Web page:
German president challenges churches to unity not division

By staff writers
19 Feb 2007

German President Horst Kohler has called on Christian churches to redouble efforts to promote unity, warning they risk squandering their opportunities by letting differences and disputes drown out the message of their faith - writes Stephen Brown for Ecumenical News International (ENI).

"I too strongly believe in the importance of dialogue between the various Christian denominations. But the engine of ecumenism seems to have stuttered," Kohler told 150 representatives of Europe's main Christian traditions gathered in Wittenberg, where in 1517 Martin Luther set in train the Protestant Reformation.

"Every one of us as Christians has a role to play here," said Kohler, a Protestant, speaking on 16 February in Wittenberg's town church, where Luther once preached. "I can assure you – and you yourselves are aware – that many people in our country wish to see greater cooperation and mutual recognition between the various Christian Churches," he said.

"Shared Communion, for example, is a major issue," Kohler noted, referring to the desire for Protestants and Catholics to share in the Eucharist, or Holy Communion, something ruled out in most cases by Catholic teaching.

Kohler said he hoped the churches in Germany, where there are roughly equal numbers of Protestants and Catholics, would help give new impetus to ecumenism.

"I know that there are good reasons for your differences. Belief systems and religious practices developed over hundreds of years cannot simply be ignored," he told the delegates from Anglican, Catholic, Orthodox and Protestant churches. "But communities are continuing to call for more fellowship and greater rapprochement - particularly at a time when church-goers increasingly feel part of a minority."

At the same time, Kohler noted, there is a great interest in religious topics and issues, and the views of churches on ethical matters are greatly sought after.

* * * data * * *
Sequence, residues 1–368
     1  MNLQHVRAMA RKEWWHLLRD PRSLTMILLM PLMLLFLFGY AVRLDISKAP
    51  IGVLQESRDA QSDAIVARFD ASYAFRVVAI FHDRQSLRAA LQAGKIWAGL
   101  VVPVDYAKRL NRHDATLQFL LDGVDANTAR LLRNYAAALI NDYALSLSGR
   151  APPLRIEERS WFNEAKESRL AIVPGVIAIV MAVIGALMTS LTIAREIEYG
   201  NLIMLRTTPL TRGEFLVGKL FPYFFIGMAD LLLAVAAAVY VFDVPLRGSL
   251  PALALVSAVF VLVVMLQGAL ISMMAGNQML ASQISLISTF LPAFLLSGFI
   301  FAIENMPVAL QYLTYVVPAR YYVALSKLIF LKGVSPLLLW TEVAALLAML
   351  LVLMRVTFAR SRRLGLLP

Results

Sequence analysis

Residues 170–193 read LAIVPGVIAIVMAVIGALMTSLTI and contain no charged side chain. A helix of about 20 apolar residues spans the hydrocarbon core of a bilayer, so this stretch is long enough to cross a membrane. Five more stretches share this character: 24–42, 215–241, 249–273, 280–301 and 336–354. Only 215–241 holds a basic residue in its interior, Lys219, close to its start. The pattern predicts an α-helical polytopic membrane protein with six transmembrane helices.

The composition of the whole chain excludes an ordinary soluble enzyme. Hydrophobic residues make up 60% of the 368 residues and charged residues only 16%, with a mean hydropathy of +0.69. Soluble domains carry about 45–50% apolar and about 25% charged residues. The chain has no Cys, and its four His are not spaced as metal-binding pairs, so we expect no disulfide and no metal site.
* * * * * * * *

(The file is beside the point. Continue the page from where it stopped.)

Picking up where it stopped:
Churches, he said, "can take advantage of this opportunity by pooling the range of opinions to promote the central message of their faith and beliefs. But they can also squander this opportunity by letting differences and disputes drown out the message of their faith."

The Wittenberg meeting is being organized by the Council of European (Roman Catholic) Bishops' Conferences (CCEE) and the Conference of European Churches (CEC), which groups most Anglican, Protestant and Orthodox churches in Europe. It is one of a series of events that will culminate in September in the Romanian city of Sibiu at the Third European Ecumenical Assembly, which will gather several thousand people from Europe's main Christian traditions.

"I wish you the strength and courage to act in the spirit of ecumenism," said Kohler, quoting a prayer from Luther's collaborator, Philipp Melanchthon, calling on God to "consecrate and unite [the Church] with your Holy Spirit." The German president said, "May the Third European Ecumenical Assembly and the meeting here in Wittenberg today serve this same end."

[With grateful acknowledgements to ENI. Ecumenical News International is jointly sponsored by the World Council of Churches, the Lutheran World Federation, the World Alliance of Reformed Churches, and the Conference of European Churches]

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